Oireachtas Joint and Select Committees
Wednesday, 1 May 2013
Joint Oireachtas Committee on Public Service Oversight and Petitions
Decisions on Public Petitions Received
We are in public session. The joint committee met in private session to consider the petitions and I propose to read the recommendations that the committee has agreed to and to open it to members to comment thereon.
The committee has deliberated on petition No. P00044/12 from Mr. Daniel Donovan on revising postal ballot rules. The petition is related to petition No. P00069/12 which we will consider after this. The petitioner mentioned a number of issues in his petition regarding the difficulty in registering for postal votes, namely, the timescale involved. The committee secretariat corresponded with the Department and the Minister for the Environment, Community and Local Government, Deputy Hogan, on this issue. The recommendation is that the joint committee forward the Department's response to the petitioner, informing him that the Minister has no proposals at present to extend the categories of persons entitled to seek the postal vote or to change the arrangements for the return of the completed application forms.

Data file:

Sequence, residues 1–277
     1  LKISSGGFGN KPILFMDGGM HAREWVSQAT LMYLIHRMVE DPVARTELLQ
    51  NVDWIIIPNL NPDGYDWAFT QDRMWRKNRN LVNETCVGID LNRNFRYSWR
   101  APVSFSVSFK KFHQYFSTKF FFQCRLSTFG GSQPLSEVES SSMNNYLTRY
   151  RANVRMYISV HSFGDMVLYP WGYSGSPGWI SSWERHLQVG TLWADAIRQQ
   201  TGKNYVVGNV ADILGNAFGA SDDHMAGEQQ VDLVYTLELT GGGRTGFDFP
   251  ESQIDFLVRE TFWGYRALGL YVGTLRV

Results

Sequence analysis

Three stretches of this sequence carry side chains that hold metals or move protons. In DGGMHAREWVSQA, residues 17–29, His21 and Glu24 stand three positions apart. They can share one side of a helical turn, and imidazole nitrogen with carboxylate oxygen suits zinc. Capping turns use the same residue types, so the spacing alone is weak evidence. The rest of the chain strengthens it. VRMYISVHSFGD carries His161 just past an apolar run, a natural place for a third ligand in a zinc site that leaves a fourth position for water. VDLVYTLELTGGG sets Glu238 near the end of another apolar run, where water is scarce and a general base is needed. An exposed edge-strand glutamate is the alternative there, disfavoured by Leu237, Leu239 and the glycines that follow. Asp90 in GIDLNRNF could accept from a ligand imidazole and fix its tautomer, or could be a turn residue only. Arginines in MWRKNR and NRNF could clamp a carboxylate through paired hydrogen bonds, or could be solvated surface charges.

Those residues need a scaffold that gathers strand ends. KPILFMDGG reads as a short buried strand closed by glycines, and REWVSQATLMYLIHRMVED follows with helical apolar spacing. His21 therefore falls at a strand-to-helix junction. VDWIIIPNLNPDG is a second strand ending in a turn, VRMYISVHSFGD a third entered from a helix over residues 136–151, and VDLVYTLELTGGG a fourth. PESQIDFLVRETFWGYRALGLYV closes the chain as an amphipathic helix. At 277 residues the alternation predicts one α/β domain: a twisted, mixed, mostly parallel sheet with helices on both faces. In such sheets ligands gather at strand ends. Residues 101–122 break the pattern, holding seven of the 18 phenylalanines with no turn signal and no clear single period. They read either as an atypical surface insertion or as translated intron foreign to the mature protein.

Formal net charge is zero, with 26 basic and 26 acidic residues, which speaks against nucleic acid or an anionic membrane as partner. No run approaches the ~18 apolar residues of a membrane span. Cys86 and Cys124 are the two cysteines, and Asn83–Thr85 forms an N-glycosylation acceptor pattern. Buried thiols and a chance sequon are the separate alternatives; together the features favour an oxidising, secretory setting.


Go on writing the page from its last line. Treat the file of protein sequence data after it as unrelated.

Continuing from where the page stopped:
The committee notes that the Constitutional Convention is expected to consult and publish a report in the coming months on reform of the Dáil electoral system and giving citizens outside the State the right to vote in presidential elections at Irish embassies. The committee suggests that the petitioner may wish to make a submission to the convention, supporting the view that voting rights should be extended to Irish citizens living abroad. The view of the committee is that publication of the report will present an opportunity for informed debate on public policy in this area. The committee considers that in the interim it would be premature for this or any other committee to consider the issue of electoral reform, given that it is before the Constitutional Convention. In the circumstances the committee has decided to close the petition. Is that agreed?